* To ensure that individuals in the future are not subjected to arbitrary arrest or "disappearance," Syrian authorities should undertake the following measures:

1. Communicate to all Syrian military, intelligence and security forces that "disappearances" will no longer be tolerated, and that commanders who order or condone such actions will be held responsible for these criminal offenses to the fullest extent of the law.

2. Require that at the time of arrest or detention, the arresting authorities identify themselves, and that all individuals take into custody be held only in publicly recognized detention facilities, where accurate registers of detainees and prisoners are maintained and available for public inspection. Such procedures should be instituted at each of the now-secret Syrian detention facilities in Lebanon — alternatively, these centers should be closed.

3. Inform individuals taken into custody of the reasons for arrest, and enable them to challenge the legality of their detention before a judicial authority.

4. Permit individuals taken into custody to inform without delay their relatives and lawyers of their arrest and place of detention.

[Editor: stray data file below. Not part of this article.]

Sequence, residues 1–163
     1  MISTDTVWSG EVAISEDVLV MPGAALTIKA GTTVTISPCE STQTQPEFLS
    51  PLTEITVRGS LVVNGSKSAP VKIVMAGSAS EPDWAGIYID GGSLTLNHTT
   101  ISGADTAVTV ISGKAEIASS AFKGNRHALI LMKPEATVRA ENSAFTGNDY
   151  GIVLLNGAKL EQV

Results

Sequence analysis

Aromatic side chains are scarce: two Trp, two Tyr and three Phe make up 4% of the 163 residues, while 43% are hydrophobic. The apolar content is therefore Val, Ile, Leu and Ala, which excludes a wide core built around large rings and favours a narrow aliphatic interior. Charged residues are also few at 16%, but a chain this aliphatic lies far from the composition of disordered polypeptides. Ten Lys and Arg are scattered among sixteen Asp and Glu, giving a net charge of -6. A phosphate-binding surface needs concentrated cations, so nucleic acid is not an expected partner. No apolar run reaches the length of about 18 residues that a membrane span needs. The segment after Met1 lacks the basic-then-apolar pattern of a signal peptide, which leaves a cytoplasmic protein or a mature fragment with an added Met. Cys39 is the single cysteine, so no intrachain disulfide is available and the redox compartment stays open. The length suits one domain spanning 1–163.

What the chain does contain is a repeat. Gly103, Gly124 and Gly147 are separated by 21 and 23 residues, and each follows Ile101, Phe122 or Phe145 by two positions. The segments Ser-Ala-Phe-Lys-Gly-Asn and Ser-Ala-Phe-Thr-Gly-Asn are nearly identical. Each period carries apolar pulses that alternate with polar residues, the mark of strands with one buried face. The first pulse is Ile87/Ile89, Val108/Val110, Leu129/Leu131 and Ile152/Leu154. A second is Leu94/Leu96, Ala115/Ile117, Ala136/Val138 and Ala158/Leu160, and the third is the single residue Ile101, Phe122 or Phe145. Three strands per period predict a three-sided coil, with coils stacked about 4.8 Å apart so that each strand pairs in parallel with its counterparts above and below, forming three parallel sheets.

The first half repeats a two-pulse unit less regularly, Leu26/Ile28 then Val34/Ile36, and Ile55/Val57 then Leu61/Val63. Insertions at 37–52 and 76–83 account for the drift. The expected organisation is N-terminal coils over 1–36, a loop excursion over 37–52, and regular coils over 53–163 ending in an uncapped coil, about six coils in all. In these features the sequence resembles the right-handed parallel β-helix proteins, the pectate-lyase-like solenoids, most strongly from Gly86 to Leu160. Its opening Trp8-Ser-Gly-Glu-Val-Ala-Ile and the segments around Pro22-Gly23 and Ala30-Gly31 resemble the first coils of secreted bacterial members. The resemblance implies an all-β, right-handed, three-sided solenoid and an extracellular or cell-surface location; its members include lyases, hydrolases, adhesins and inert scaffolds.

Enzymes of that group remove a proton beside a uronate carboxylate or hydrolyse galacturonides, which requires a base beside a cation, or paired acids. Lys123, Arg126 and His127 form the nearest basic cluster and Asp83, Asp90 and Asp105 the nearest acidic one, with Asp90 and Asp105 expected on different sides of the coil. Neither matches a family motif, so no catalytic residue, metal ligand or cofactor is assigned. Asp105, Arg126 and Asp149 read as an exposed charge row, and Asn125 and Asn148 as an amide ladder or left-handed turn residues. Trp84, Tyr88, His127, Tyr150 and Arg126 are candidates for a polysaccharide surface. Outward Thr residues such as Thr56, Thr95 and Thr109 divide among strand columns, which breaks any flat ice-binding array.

5. Establish effective procedures for prompt response to inquiries from families, lawyers and nongovernmental organizations about the whereabouts of individuals who have been detained.

Your Excellency, "disappearances" are among the gravest crimes in international law and may constitute crimes against humanity, whether committed in times of war or times of peace. The Convention on the Non-Applicability of Statutory Limitation to War Crimes and Crimes against Humanity makes clear that accountability for crimes against humanity "apply to representatives of the State authority and private individuals who, as principals or accomplices, participate in or who directly incite others" to commit the crimes, or "who conspire to commit them, irrespective of the degree of completion, and to representatives of the State authority who tolerate their commission." We therefore strongly recommend that Syrian authorities fully account for all "disappeared" individuals who may currently be in its custody and release them immediately.

We have enclosed with this letter an Arabic translation of "An Alliance Beyond the Law," our 1997 report that documented "disappearances" of Lebanese citizens and Palestinians in Lebanese territory.

Thank you for your immediate attention to this most grave matter. We look forward to a reply at Your Excellency's earliest convenience.



Hanny Megally
Executive Director
Middle East and North Africa Division
Human Rights Watch


cc: His Excellency Farouq al-Shara', Foreign Minister
His Excellency Dr. Muhamed Harva, Minister of Interior
His Excellency Hussein Hassun, Minister of Justice
His Excellency Nasser Qaddur. Minister of State for Foreign Affairs